Noonan recalls support from Milford during wife’s illness

Anne Sheridan

Reporter:

Anne Sheridan

At the announcement were Noel Earlie, JP McManus Benevolent Fund;  Minister for Education Jan O'Sullivan;  Minister for Finance Michael Noonan; Sr Teresa Corby, Province Leader Little Company of Mary; Bobby Roche, chairman of the Board Milford Care Centre and Pat Quinlan, chief executive, Milford Care Centre
FROM small beginnings in 1928, the organisation we now know as Milford Care Centre has grown to be one of the biggest and most respected providers of palliative and nursing care in the country.

FROM small beginnings in 1928, the organisation we now know as Milford Care Centre has grown to be one of the biggest and most respected providers of palliative and nursing care in the country.

And with an increasing aging population, there is now a greater need than ever before to invest in a future that many of us do not wish to contemplate.

Minister for Finance Michael Noonan said there is “hardly a family in Limerick that hasn’t had an experience with the hospice.

“My own wife was here,” he said, in reference to his wife Florence, who had battled Alzheimer’s and died at the age of 68 after contracting pneumonia in February 2012.

She too was surrounded by her family at the Milford Care Centre in Castletroy as she sadly passed away.

“I was astounded by the care and attention given by staff during a difficult period,” he said.

The last significant investment made in Milford, he said, was in 1996 when he was Minister for Health.

Now, developments amounting to €8.5m have been announced for Milford Care Centre, with funding from JP McManus – who successfully beat prostate cancer – set to provide €3.4m of the overall costs.

The projects, which are set to be completed in 2017 and will bring a number of construction and nursing jobs to the region, will also be beneficial to their patients and their families.

Both the new hospice in-patient unit and the upgraded nursing home will be configured entirely for single occupancy only, allowing for greater privacy for those who use their services.

The new 34-bed hospice will cost an estimated €7.7m, and the JP McManus Benevolent Fund and his Pro-Am fund are to contribute €3.4m towards this project. The nursing home expansion will cost €800,000, which is to be funded directly by Milford nursing home.

“It’s a marvellous initiative and a tremendous achievement, and will be welcomed by everyone in Limerick when they hear the good news,” continued Minister Jan O’Sullivan, Minister for Education and Skills, who also attended the launch, said that the project is set to bring significant benefits to people throughout Limerick city and county, as well as throughout the region.

“Last year alone, more than half of new referrals to the Milford Hospice service were from Limerick,” she noted.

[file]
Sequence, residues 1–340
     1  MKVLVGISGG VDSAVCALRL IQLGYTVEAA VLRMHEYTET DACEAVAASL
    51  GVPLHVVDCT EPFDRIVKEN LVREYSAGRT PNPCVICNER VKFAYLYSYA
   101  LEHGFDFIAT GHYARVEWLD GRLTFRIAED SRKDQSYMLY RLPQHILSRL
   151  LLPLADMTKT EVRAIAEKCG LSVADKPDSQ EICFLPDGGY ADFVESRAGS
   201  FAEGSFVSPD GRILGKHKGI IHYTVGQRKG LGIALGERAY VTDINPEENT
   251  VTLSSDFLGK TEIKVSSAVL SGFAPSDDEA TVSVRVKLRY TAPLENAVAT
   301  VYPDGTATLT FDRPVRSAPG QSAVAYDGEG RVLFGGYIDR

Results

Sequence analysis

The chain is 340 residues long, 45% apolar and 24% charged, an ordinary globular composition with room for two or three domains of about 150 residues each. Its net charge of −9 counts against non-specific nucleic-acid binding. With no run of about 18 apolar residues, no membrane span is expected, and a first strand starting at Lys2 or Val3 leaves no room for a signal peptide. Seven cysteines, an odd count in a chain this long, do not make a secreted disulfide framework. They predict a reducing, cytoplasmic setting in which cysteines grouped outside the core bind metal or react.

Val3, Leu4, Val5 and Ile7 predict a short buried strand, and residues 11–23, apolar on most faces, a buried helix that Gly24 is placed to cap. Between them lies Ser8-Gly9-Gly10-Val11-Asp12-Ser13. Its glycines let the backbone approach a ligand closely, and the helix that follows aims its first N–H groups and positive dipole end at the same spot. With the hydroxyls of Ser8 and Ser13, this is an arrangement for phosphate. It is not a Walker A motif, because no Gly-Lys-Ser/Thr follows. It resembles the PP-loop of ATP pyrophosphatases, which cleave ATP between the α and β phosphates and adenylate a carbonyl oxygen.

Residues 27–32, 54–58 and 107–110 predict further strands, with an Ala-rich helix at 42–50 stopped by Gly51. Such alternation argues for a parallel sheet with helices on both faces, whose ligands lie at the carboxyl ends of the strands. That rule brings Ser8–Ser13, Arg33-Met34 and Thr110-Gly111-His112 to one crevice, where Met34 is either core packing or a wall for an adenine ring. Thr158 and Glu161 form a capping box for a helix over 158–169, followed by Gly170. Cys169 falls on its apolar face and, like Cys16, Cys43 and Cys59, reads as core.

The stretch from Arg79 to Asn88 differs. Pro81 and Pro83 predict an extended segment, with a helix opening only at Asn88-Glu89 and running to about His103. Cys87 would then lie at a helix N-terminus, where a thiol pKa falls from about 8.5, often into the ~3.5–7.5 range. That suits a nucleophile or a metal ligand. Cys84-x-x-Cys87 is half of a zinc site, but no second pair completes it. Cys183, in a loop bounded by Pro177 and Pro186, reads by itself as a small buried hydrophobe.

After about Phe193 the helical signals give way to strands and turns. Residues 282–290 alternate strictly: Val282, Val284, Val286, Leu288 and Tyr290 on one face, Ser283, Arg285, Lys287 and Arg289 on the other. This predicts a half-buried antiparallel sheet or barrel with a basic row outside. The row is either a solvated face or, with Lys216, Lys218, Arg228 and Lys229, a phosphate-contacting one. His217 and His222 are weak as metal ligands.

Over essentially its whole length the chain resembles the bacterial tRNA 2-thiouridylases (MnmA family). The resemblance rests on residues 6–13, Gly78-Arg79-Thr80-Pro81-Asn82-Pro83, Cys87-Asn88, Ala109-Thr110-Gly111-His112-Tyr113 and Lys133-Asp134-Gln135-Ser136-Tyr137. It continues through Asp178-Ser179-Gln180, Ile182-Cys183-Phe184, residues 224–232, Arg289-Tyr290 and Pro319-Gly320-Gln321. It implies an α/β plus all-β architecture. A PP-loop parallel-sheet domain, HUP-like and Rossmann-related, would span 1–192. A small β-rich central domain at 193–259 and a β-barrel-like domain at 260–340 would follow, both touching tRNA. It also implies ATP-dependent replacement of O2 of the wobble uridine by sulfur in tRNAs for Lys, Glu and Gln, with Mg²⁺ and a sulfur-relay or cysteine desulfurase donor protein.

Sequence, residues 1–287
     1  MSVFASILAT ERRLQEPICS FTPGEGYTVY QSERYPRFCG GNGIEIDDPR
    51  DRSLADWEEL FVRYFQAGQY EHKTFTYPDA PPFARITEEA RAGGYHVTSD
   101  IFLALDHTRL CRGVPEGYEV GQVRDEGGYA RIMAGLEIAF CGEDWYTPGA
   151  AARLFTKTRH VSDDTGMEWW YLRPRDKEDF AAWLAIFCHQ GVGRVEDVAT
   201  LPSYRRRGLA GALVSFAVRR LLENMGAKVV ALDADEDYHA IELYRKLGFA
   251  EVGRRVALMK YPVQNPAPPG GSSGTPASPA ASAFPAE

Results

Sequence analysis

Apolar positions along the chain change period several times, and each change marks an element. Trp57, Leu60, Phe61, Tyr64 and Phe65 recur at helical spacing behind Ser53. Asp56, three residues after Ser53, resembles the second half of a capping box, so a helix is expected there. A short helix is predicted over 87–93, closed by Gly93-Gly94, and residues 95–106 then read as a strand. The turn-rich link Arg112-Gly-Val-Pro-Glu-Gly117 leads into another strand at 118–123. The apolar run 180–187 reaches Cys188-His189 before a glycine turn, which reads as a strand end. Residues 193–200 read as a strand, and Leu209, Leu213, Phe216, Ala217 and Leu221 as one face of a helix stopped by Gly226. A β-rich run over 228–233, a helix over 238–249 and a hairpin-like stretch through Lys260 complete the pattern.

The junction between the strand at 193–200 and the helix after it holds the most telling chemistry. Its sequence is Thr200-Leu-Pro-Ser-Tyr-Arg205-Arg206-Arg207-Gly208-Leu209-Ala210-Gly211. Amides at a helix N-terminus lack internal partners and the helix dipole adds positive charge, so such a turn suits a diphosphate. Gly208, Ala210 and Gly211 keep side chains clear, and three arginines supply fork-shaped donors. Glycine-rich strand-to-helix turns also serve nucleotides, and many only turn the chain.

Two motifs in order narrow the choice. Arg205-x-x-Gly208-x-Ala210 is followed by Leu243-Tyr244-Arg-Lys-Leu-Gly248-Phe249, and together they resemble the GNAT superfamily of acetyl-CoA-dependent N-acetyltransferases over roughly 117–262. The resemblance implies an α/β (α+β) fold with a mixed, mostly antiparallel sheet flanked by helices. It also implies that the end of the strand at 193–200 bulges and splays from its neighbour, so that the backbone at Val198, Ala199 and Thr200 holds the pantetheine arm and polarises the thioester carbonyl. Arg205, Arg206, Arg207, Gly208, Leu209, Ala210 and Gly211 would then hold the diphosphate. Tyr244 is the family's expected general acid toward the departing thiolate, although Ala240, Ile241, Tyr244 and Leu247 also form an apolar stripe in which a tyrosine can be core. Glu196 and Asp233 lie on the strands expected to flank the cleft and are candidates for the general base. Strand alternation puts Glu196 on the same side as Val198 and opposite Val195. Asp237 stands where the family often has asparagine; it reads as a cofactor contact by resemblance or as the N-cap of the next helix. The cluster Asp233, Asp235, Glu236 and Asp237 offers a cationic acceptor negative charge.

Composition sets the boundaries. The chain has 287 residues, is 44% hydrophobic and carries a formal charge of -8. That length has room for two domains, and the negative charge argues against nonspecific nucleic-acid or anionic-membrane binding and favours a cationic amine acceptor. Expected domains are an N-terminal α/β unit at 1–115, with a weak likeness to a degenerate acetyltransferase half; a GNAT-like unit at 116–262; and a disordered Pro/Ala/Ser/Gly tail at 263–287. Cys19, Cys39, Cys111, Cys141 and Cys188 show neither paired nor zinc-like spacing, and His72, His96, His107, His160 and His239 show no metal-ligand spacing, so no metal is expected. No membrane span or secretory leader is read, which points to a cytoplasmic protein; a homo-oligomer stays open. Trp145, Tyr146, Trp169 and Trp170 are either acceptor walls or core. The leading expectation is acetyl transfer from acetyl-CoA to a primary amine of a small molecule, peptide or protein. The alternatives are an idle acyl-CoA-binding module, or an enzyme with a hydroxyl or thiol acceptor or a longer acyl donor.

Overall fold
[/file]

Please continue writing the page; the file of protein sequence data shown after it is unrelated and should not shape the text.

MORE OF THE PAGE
Sue Ann Foley, daughter of JP McManus, who heads up the JP McManus Benevolent Fund, said they are pleased to support this very important initiative.

“Milford Hospice has touched the lives of people and communities right across the region and is synonymous with loving care for patients and families at a difficult time in their lives. With demand for its services growing steadily and, increasingly, coming from people with non-cancer conditions, it is indeed a most worthy cause for support. We are pleased also to see that some funds are also being allocated from the JP McManus Pro Am Event in 2010 towards the project,” she said.

Milford chief executive Pat Quinlan said the demand for in-patient services has more than doubled in the past ten years and the hospice had been operating at full capacity on a number of occasions in recent years, but particularly in 2014.

“As demand continues to grow, it is important to ensure that those patients requiring a bed can speedily access it,” Mr Quinlan said.

“The majority of beds in the existing hospice are in shared rooms and this configuration needs to change due to the increased activity levels and our desire to maintain the highest standards into the future. This similarly applies to Milford Nursing Home”, he added.

He said 1,789 patients were treated last year, up from 848 the previous year, and their staff numbers, across all their services, now amount to 350. Mr Quinlan said 54% of their referrals are from Limerick, 26% are from Clare, and 18% are from Tipperary. Non-malignant diagnoses, such as Alzheimer’s, COPD, MS, Parkinson’s, and diabetes, account for 37% of their patients’ cases, while their hospice has also been full to capacity on a number of occasions.

Some of the project funding will be met by their existing capital fund, and they have also set themselves a fundraising target of €2m to be achieved over four years.

“This is no less than the people of the Mid-West deserve,” he concluded.